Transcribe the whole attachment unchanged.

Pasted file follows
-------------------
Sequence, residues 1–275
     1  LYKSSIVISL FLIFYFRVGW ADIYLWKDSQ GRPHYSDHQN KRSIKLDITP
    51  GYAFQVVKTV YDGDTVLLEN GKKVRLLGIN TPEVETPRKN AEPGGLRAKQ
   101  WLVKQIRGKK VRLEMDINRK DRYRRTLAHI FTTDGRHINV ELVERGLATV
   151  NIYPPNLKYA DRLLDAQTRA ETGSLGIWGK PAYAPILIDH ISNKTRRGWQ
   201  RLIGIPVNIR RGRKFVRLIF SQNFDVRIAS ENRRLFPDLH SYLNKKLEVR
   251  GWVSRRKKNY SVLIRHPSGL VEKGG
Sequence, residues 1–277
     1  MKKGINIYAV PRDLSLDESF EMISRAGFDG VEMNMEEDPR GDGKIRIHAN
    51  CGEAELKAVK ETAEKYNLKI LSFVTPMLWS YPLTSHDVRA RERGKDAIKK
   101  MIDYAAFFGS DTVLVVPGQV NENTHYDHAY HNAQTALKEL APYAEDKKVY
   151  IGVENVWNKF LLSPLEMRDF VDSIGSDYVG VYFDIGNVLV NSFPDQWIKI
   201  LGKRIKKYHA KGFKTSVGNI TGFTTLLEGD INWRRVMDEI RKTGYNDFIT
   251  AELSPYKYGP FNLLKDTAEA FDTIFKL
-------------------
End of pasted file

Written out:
Sequence, residues 1–275
     1  LYKSSIVISL FLIFYFRVGW ADIYLWKDSQ GRPHYSDHQN KRSIKLDITP
    51  GYAFQVVKTV YDGDTVLLEN GKKVRLLGIN TPEVETPRKN AEPGGLRAKQ
   101  WLVKQIRGKK VRLEMDINRK DRYRRTLAHI FTTDGRHINV ELVERGLATV
   151  NIYPPNLKYA DRLLDAQTRA ETGSLGIWGK PAYAPILIDH ISNKTRRGWQ
   201  RLIGIPVNIR RGRKFVRLIF SQNFDVRIAS ENRRLFPDLH SYLNKKLEVR
   251  GWVSRRKKNY SVLIRHPSGL VEKGG
Sequence, residues 1–277
     1  MKKGINIYAV PRDLSLDESF EMISRAGFDG VEMNMEEDPR GDGKIRIHAN
    51  CGEAELKAVK ETAEKYNLKI LSFVTPMLWS YPLTSHDVRA RERGKDAIKK
   101  MIDYAAFFGS DTVLVVPGQV NENTHYDHAY HNAQTALKEL APYAEDKKVY
   151  IGVENVWNKF LLSPLEMRDF VDSIGSDYVG VYFDIGNVLV NSFPDQWIKI
   201  LGKRIKKYHA KGFKTSVGNI TGFTTLLEGD INWRRVMDEI RKTGYNDFIT
   251  AELSPYKYGP FNLLKDTAEA FDTIFKL